And it appears that the Tron followup is not dead. Joseph Kosinski is in “final negotiations” to develop and direct “the next chapter,” which will involve Flynn asking a group of nihilist hackers not to pee on his rug and a manual typewriter that reveals Flynn’s complicity in a Chuck E. Cheese venture called “Star Man’s” that never quite got off the ground.
USA Today runs the obligatory 9/11 fiction article. I don’t buy the claim that there are only 30 novels about 9/11. I’ve read far more “9/11 novels” in the past six years. Then again, I suppose it depends on what one explicitly styles a “9/11 novel.” Is not a novel some reflection of our times? And, as such, are not all novels dealing with contemporary issues “9/11 novels” to some degree?
So is Inspector Rebus finished? Or is he? Ian Rankin has announced his book for 2016: Inspector Rebus and the Kingdom of the Crystal Skull.
Look, I don’t like Britney Spears any more than the next guy. But I must confess that I’m stunned by all the attacks on her figure. Is the media now in the habit of attacking any major female entertainment figure who does not fit the “Auschwitz diet” archetype? And why aren’t more people asking this question?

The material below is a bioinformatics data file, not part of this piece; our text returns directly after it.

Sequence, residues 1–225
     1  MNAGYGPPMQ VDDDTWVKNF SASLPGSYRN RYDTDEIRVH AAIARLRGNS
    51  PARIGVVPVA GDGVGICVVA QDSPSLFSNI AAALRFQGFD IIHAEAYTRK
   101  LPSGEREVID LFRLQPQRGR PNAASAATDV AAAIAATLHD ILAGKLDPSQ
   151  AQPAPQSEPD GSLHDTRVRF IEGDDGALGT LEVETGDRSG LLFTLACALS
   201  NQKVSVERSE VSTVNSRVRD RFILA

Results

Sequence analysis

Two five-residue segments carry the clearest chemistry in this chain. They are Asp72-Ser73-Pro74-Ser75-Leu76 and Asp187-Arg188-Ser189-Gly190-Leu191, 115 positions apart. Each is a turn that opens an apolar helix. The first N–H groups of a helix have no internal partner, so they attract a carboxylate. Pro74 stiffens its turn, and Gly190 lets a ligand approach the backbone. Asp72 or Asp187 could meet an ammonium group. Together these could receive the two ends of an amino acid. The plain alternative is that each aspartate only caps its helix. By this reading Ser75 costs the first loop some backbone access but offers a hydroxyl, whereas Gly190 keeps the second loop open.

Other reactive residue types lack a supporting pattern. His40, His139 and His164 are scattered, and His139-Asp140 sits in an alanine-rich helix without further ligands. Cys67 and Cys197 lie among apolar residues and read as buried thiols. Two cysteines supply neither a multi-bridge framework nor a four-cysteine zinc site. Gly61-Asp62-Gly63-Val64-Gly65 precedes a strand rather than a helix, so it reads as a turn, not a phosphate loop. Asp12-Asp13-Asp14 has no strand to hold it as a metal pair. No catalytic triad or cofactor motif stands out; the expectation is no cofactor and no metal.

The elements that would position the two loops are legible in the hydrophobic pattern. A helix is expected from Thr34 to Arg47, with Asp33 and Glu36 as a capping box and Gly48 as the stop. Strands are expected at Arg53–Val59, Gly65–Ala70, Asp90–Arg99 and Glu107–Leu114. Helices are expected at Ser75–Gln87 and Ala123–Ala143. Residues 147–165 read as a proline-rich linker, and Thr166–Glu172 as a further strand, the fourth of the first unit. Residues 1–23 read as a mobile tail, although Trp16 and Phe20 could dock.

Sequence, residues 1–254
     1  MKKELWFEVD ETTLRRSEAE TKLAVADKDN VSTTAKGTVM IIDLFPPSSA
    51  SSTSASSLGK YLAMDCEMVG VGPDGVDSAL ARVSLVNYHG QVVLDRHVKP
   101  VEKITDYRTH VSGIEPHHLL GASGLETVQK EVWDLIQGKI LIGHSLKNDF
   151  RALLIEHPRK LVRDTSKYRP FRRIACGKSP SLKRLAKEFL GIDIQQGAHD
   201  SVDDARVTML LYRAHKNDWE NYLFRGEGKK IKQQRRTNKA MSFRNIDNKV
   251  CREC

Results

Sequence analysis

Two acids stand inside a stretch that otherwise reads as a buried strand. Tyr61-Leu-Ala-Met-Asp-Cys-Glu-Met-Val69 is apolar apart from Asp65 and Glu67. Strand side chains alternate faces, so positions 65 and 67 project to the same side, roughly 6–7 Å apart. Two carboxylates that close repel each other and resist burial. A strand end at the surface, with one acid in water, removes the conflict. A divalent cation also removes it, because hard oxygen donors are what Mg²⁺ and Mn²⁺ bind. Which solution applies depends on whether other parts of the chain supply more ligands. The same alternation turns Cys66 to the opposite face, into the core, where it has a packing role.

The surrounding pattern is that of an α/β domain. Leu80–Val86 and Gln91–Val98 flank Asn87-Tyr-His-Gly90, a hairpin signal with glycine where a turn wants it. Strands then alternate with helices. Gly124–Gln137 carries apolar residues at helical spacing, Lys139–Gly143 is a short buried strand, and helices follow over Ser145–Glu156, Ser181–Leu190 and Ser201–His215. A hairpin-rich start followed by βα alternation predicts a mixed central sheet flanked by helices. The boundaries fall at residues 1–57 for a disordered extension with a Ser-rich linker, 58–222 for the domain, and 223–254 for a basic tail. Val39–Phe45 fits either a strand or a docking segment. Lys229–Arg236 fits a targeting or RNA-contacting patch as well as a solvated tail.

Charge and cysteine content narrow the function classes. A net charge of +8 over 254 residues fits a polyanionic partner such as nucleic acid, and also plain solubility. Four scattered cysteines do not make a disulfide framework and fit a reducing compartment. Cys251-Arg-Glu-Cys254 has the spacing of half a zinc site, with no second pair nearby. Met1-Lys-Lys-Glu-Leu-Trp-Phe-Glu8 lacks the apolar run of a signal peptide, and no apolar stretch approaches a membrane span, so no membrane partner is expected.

Prison chaplains are now removing religious books and materials from prison libraries. The idea here — known as the Standardized Chapel Library Project — was inspired from a 2004 report by the Department of Justice, in which it was suggested that religious books should be banned because prisons could then become a recruiting center for militant Islamic groups. I’m not a religious man, but I do honor the First Amendment. If the effort here is to curtail terrorism (which, incidentally, is not always Islamic), banning books of any sort doesn’t mean that you’re going to stop people, inside or outside, from being recruited, corrupted, or otherwise influenced into doing bad things. If anything, might not restricting books demonstrate to any potential terrorist just how inflexible the United States is on this subject?